Are Seat Cushions Good For You?
There appears to be more concern with choosing a seat cushion that looks nice than good for you? Most chairs have adjustable height and armrests (though not always), but selecting the appropriate cushioning material for your lower back can be tricky; we need quite specific criteria before settling on anything!
As a general rule, seat cushions provide the support your back needs while sitting in a chair all day. Additionally, seat cushions relieve back pain. Using a cushion will help you distribute pressure more evenly between the spinal bones (vertebrae), so your joints will not be overloaded.
My background as a back pain specialist and someone who has researched and designed seat cushions for decades will enable me to cut through the marketing jargon and help you choose a seat cushion that is the most comfortable for you.
Seat Cushions are Useful for Several Reasons:
- It will improve your office chair’s comfort.
- Optimum posture is vital for health.
- Your body’s joints and muscles will be less stressed.
- Long periods of sitting can contribute to health problems.
The best way to understand the various options for seat cushions is by understanding what supports sitting. To sit, we need a strong foundation that will hold our weight and provide support so let me start with a basic understanding of your sitting anatomy.
Sitting Human Anatomy
The human body was not designed to sit all day long. Our bones and muscles were made for walking on two legs. For extended periods, people who sit for extended periods may require specialised seating equipment for increased comfort, posture regulation, or protection against developing arthritis or bone loss.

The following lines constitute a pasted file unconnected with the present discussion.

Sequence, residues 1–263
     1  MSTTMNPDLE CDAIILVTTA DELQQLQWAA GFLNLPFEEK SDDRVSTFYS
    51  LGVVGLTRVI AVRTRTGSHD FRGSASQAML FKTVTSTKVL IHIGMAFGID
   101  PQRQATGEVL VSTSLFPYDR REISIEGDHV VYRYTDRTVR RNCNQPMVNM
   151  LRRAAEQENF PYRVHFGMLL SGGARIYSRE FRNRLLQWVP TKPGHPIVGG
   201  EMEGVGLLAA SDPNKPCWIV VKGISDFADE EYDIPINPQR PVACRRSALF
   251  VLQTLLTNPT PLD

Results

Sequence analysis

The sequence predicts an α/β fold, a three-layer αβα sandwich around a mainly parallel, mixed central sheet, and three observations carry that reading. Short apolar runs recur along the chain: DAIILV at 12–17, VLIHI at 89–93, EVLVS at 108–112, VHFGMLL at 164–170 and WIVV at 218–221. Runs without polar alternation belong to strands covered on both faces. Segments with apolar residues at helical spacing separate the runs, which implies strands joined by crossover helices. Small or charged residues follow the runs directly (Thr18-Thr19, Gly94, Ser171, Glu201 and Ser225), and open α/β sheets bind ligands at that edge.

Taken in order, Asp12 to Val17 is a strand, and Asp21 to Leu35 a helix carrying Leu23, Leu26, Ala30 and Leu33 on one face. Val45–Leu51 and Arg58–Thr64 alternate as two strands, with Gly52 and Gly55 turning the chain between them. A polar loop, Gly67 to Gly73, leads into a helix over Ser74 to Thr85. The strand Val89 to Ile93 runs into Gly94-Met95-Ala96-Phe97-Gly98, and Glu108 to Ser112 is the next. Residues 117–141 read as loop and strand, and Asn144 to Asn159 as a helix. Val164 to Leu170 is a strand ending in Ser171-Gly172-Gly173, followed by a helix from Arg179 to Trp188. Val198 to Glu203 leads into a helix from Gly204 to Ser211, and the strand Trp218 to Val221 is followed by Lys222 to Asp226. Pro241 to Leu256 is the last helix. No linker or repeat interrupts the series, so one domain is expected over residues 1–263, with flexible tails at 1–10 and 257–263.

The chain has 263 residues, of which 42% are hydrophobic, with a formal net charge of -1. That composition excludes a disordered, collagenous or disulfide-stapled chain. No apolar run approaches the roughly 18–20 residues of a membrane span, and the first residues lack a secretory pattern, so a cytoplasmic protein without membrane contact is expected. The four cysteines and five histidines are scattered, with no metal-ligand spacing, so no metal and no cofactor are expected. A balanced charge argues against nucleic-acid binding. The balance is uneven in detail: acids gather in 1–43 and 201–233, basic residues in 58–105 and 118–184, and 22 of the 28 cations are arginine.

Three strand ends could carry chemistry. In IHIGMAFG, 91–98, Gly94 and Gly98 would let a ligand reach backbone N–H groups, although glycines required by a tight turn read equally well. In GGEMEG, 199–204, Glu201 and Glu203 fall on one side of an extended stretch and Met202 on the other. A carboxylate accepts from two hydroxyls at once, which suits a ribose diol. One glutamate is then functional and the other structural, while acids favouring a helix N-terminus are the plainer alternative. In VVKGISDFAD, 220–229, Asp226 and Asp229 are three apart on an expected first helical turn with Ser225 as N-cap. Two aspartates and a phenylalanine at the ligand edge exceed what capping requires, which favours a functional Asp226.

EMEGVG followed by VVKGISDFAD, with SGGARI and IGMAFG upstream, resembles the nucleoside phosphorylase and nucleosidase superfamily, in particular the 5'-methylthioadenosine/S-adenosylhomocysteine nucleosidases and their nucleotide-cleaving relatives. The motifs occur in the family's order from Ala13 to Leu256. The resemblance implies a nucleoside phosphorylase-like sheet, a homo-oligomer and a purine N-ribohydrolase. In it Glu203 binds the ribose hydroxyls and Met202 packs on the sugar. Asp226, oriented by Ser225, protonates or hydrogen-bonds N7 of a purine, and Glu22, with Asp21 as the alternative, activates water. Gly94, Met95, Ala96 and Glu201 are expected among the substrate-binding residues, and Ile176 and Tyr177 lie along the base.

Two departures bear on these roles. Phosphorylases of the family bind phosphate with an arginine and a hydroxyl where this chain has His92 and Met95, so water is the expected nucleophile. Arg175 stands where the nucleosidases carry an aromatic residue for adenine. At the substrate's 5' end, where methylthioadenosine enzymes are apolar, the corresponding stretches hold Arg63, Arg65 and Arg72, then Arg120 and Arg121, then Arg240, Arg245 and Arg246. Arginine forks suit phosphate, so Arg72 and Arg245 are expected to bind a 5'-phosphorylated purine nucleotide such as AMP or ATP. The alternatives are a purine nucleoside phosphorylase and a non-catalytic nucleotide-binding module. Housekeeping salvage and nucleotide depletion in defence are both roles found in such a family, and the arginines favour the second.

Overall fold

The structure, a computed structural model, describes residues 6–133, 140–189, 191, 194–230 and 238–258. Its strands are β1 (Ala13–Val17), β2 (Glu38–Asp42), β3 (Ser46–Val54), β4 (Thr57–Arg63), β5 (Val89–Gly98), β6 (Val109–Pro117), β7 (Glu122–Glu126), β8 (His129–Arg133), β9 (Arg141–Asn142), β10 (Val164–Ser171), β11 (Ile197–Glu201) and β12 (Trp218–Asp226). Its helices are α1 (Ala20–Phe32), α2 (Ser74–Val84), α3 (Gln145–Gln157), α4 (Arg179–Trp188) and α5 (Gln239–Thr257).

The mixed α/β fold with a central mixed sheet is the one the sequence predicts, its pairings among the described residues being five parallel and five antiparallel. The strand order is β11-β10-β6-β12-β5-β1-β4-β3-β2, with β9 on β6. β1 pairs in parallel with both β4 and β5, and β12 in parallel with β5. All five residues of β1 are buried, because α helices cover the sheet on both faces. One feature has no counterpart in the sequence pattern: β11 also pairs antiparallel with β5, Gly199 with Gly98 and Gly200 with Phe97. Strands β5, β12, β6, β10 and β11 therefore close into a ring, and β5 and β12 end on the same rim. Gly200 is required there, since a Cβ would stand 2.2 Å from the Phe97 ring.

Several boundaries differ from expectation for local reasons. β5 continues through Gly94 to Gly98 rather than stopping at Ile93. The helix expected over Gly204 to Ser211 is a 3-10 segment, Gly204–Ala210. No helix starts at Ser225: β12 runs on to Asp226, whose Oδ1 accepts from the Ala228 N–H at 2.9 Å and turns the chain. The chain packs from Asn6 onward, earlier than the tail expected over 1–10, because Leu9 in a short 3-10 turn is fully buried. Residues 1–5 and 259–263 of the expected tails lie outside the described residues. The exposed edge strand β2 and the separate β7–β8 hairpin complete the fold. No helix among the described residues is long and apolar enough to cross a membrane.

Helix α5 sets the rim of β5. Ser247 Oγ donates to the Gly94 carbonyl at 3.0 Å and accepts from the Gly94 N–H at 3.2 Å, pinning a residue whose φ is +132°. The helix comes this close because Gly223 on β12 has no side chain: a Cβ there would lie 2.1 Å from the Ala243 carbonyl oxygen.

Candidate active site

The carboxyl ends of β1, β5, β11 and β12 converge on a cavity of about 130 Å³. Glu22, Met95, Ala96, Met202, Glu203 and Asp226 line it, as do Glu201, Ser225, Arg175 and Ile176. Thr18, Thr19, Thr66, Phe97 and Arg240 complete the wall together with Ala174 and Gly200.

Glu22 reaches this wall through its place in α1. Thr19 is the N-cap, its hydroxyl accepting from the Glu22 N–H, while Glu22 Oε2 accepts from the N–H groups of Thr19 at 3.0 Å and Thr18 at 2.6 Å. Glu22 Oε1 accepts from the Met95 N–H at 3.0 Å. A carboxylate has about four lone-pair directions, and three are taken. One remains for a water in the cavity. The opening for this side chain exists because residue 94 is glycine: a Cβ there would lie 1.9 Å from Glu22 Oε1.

We need some support and cushion for our pelvis while sitting. The most important aspect of our rear end is the skeletal portion formed by the bones and the soft tissue layers surrounding them.
The ischial tuberosities, the greater and lesser trochanter, and the long bone of your femur work together to provide support for you while seated. They are essential because they transfer weight from one side or another (depending on which leg) to maintain balance; this also helps keep pressure off those pesky iliotibial bands! The area at the top where these two bones meet allows you to rest some extra load that might be there as well. This loading will not only shift it away from other vulnerable areas, but help improve sideways (lateral) stability too!
You cannot see the iliac wings, but when you sit on a hard surface, you can feel those sharp bones that hurt when you sit too long. In addition to being the lowest point of the pelvis, these ITs have sharp, pointed contours. Most pressure points among office chair workers occur at these ITs.
Another vulnerable area for sitting in the wrong position is the coccyx and sacrum. The coccyx is a particular bone found near the bottom of your spine. It’s also called “tailbone.” This bony protrusion can be uncomfortable to sit on for long periods because it provides little cushioning and doesn’t support weight well in this position, so there is more pressure on other parts of the body like your tailbone– which nobody likes! The sacrum-a triangular-shaped bone at the base of our spines-also has risk factors associated with prolonged sitting; when you’re seated, these two bones are often under considerable pressure from gravity, attempting to make them act as shock absorbers.